Solutions for Responsible Water Use and Long-Term Viability of Agriculture in Punjab

The 2030 Water Resources Group estimates that if the current pattern of demand for water continues in India, about half of the country’s water needs will be unmet by 2030. As cities, townships and villages struggle with an impending water crisis, there is a growing realization that the issue needs focussed and concerted solutions that involve government, communities, experts, and mission based organizations.

HUF’s mandate is inspired by the belief that “Water as a source of livelihoods and life is under severe threat today. It will take collective and cohesive action by individuals, communities and government to conserve and govern water so it is equitably available to all today and in years to come”

The current project aims to work with Punjab’s robust farmer cooperatives to promote water measurement solutions for efficient paddy-wheat cultivation; financial tools to track input costs with optimum water use and economic tools to trigger large scale adoption of conscious water practices.

In the pursuit of returns from agriculture; farmers in the project region continue to follow the unsustainable paddy-wheat cycle in cultivation despite awareness of its impact on ground water. Absence of water savings practices, access to water saving technologies and incentives to diversify their crop mix has pushed farmers into making unviable choices.

The project is based in districts dependent on canal and ground water for irrigation. The region has functioning village cooperatives with significant participation of farmers that can be the driving force for catalysing behaviour change on water use and crop choices. The project is based on the three-pronged approach of:

  • Building capability of farmer members of select cooperatives to measure water use and savings through affordable technology and tools (lead)
  • Developing markets for diversified crops by expanding the role of cooperatives beyond input supplies (support)
  • Engaging with Punjab Agricultural University, Directorate of Extension and Education, government departments such as Department of Agriculture, Cooperatives, Extension, Irrigation and Horticulture.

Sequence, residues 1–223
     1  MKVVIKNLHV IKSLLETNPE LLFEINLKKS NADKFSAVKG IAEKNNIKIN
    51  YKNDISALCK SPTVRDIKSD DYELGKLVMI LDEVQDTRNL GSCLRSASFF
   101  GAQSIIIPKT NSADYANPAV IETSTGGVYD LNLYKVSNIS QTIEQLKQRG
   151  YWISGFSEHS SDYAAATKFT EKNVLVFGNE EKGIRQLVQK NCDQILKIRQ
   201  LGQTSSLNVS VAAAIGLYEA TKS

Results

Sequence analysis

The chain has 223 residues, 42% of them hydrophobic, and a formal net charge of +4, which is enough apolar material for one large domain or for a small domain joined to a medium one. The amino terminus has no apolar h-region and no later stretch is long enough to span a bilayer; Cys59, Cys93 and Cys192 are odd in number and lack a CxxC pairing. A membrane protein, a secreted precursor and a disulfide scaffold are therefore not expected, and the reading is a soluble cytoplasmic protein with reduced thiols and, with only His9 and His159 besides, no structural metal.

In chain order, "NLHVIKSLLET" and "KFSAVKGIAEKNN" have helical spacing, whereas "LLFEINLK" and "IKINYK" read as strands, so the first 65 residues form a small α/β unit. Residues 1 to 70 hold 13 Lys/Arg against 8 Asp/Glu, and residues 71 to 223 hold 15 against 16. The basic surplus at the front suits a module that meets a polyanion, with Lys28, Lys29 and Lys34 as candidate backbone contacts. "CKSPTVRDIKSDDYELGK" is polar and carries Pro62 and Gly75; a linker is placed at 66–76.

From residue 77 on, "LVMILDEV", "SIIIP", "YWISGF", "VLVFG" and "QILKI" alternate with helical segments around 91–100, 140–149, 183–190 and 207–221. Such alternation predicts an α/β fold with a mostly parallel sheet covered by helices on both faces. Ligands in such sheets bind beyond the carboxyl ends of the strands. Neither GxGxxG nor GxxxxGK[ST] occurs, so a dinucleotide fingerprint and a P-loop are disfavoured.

CIPT has been working in Punjab to promote the practices of water savings and judicious use of water through capacity building of farmers, providing sustainable solutions and improve market linkages. The field experiments in 9 districts of Punjab during 2013-18 made farmers realise the benefits of optimum irrigations and lower standing water in the fields.

CIPT now proposes to take this forward at scale by promoting the extensive use of a digital soil sensor and targeted outreach of a combination of relevant practices (land preparation, promotion of alternative wet/dry irrigation, seed varieties, DSR, Laser land Levelling etc.) for members of select farmer cooperatives. This can lead to significant water savings in addition to reducing the numbers of irrigations, improve farm production and productivity, promotion of crop diversification and establish market linkages.

Based on its past experience in Punjab, CIPT would also bring in other measurement tools including a farmer profitability tool (P&L tool- a profit and loss tool to measure the entire cost of input, revenue generated and profit at the farmer level ) and a water score card that help farmers recognise the economics of water savings. Beyond measurement; these water savings on a farmer’s score card could be used for water appreciation vouchers that can be accumulated and drawn against input purchases from the cooperatives. CIPT will access its research networks to ensure a robust design to evaluate the effectiveness of these initiatives.